5. How do I open source – what’s it all look like end to end?
– Double check the code and the repo fit the bill for being secure, and that it contains no sensitive data ✅
– Consult anyone else on your team if need be, i.e. “Heads up – I’m about to flip this repo to public.” ✅
– Adding a good README is key for open source, so now is a good time to add one. For a phenomenal example, check this one out.
– Make the repo public on Github ✅
– Celebrate and party that we’ve helped out the community some more and shared our knowledge! ?
– Add your open source project to our open source page, here’s some info on how to do that. ✅
– Tweet it out on @bufferdevs – and pat yourself on the back! ✅
6. Any general tips?
– It’s great to think about coding for open source from the beginning. Keeping an “open source” mindset can also lead to objectively better code, since it enforces abstraction inherently and makes you think about processes more proactively.
– //Commenting is great! #DocumentAllTheThings
– Feel free to let Jordan know you’ve open sourced something so he can tweet it out on @bufferdevs – or feel free to add it to the queue yourself! If you’re not a content contributor to that account, Jordan can add you or you can hop into admin and add yourself, either way!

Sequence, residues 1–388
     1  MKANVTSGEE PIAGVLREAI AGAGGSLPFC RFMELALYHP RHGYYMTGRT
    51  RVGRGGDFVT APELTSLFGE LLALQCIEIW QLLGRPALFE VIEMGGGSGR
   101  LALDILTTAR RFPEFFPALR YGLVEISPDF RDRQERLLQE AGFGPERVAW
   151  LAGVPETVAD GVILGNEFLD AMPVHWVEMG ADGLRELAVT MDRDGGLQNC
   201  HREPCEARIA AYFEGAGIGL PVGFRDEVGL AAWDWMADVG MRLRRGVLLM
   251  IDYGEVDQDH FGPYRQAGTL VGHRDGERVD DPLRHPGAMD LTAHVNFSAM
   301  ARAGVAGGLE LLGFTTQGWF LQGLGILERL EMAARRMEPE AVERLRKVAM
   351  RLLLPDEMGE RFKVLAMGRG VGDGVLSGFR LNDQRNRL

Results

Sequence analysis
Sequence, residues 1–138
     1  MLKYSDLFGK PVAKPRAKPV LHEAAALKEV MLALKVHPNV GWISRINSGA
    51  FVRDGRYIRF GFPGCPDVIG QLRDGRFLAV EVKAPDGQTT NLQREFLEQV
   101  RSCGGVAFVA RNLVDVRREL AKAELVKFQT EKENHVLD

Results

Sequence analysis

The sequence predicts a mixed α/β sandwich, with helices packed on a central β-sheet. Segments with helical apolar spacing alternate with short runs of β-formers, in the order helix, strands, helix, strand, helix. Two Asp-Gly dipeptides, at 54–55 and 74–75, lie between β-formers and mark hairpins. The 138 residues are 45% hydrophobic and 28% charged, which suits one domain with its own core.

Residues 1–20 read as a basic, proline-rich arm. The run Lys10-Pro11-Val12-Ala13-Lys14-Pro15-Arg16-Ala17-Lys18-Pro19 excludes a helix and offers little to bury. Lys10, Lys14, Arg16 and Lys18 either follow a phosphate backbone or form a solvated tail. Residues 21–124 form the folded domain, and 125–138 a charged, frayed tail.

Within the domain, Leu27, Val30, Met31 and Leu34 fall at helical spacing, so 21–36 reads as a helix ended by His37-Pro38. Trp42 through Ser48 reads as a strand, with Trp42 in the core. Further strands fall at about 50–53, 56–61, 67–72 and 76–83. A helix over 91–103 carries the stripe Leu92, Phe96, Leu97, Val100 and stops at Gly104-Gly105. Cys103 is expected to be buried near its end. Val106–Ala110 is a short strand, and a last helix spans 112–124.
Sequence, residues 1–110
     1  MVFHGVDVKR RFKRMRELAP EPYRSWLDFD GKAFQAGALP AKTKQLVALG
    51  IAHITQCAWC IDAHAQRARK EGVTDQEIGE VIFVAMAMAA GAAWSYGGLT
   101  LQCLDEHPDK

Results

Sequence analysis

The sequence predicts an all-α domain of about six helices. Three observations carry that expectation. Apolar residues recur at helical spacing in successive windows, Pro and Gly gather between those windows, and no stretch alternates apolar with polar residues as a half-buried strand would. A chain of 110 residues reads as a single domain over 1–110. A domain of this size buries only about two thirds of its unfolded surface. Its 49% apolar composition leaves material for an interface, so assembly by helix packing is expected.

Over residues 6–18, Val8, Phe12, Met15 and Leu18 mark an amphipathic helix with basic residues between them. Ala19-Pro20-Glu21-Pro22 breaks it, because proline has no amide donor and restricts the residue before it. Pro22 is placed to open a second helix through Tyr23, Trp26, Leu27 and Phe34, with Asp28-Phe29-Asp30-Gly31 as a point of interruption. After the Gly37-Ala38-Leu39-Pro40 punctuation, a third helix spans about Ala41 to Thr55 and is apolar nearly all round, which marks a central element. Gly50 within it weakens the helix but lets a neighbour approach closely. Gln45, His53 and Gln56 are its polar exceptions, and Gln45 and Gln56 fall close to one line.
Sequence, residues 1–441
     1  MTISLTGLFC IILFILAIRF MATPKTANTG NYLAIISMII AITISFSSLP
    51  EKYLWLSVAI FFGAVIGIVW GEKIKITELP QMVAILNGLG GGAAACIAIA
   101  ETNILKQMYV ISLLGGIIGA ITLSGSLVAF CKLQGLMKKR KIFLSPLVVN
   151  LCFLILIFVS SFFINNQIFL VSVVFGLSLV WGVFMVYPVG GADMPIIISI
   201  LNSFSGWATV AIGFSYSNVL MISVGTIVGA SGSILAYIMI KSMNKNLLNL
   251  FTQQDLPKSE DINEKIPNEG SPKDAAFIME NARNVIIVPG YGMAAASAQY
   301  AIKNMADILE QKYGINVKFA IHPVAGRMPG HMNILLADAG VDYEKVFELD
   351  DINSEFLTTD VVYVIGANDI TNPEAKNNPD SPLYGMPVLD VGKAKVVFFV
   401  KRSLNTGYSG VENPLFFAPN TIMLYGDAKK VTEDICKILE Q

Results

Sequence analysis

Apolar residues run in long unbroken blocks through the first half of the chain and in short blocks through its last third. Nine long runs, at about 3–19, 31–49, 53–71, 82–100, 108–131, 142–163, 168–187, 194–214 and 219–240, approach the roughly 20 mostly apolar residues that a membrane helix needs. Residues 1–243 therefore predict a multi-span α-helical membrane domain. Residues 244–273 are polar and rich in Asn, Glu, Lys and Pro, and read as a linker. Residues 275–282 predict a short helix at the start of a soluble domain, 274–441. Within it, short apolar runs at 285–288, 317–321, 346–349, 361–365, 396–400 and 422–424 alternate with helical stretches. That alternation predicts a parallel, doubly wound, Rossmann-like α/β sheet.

– Any other questions you couldn’t quite get answered here? Feel free to tap on the shoulder of someone from your team, or ask your lead any questions. Jordan is also available to answer any questions – and the #eng-opensource channel is a great place to chat too!
I must admit that I tried to figure out a way to tack more into the title acronym, possibly For Your Information – Buffers Open Source Software Frequently Asked Questions: In Case You Missed it. Or, FYI – BOSS FAQ: ICYMI
Rolls off the tongue, no? Regardless, the name just kind of came up during conversation and it made us laugh. So, we stuck with it.
Why Didn’t We Put Together This Document Sooner?
Every industry, regardless of the trade, will often hear about empowering developers or any employee – but what does that actually look like? What steps do you have to take? Personally that’s something I learned is easy to say in engineering, but hard to take as an abstract concept and come up with solid answers.
This whole experience made me ask myself, if I had known that simply writing up an FAQ document could help other Buffer developers get in on open source, and feel empowered to do it, wouldn’t I have dropped anything else in that moment and have written it right away? Wouldn’t I do it sooner? Of course I would. Who wouldn’t?
But, like so many things with engineering, it’s a “you learn balance by falling” type of thing. We were surrounded by good intentions and willing developers but a bit lacking in terms of how to execute.
I’m glad we’ve got something for that now, and our code continues to become more open almost weekly. We’re super excited that roughly 80 percent of our open source projects came to fruition this year (in fact most in this last quarter).
Over to You
- Any thoughts on improvements we could make to our Open source doc?
- Does your company contribute to the Open source community?
I’d love to hear from you in the comments or on Twitter I’m @JordanMorgan10.